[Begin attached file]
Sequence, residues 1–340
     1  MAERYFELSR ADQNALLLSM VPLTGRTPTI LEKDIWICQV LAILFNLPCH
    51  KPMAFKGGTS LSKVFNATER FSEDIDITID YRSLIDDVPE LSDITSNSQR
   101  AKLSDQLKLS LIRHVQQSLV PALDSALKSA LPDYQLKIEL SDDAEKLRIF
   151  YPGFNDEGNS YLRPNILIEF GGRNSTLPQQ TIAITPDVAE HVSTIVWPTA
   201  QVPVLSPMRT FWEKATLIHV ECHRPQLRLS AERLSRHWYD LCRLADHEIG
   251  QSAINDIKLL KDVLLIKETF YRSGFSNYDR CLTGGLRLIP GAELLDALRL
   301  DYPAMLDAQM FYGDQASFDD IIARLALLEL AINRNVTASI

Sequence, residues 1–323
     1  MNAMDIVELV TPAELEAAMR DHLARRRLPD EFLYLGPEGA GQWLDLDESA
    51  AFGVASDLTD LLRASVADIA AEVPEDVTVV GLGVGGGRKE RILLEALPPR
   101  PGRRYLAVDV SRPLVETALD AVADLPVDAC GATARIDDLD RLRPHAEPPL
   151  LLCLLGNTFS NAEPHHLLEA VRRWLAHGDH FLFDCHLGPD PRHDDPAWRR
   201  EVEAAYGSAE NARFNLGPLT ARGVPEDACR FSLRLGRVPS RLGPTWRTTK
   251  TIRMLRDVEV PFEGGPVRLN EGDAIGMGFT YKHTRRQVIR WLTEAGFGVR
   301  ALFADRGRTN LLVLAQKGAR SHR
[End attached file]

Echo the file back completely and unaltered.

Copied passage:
Sequence, residues 1–340
     1  MAERYFELSR ADQNALLLSM VPLTGRTPTI LEKDIWICQV LAILFNLPCH
    51  KPMAFKGGTS LSKVFNATER FSEDIDITID YRSLIDDVPE LSDITSNSQR
   101  AKLSDQLKLS LIRHVQQSLV PALDSALKSA LPDYQLKIEL SDDAEKLRIF
   151  YPGFNDEGNS YLRPNILIEF GGRNSTLPQQ TIAITPDVAE HVSTIVWPTA
   201  QVPVLSPMRT FWEKATLIHV ECHRPQLRLS AERLSRHWYD LCRLADHEIG
   251  QSAINDIKLL KDVLLIKETF YRSGFSNYDR CLTGGLRLIP GAELLDALRL
   301  DYPAMLDAQM FYGDQASFDD IIARLALLEL AINRNVTASI

Sequence, residues 1–323
     1  MNAMDIVELV TPAELEAAMR DHLARRRLPD EFLYLGPEGA GQWLDLDESA
    51  AFGVASDLTD LLRASVADIA AEVPEDVTVV GLGVGGGRKE RILLEALPPR
   101  PGRRYLAVDV SRPLVETALD AVADLPVDAC GATARIDDLD RLRPHAEPPL
   151  LLCLLGNTFS NAEPHHLLEA VRRWLAHGDH FLFDCHLGPD PRHDDPAWRR
   201  EVEAAYGSAE NARFNLGPLT ARGVPEDACR FSLRLGRVPS RLGPTWRTTK
   251  TIRMLRDVEV PFEGGPVRLN EGDAIGMGFT YKHTRRQVIR WLTEAGFGVR
   301  ALFADRGRTN LLVLAQKGAR SHR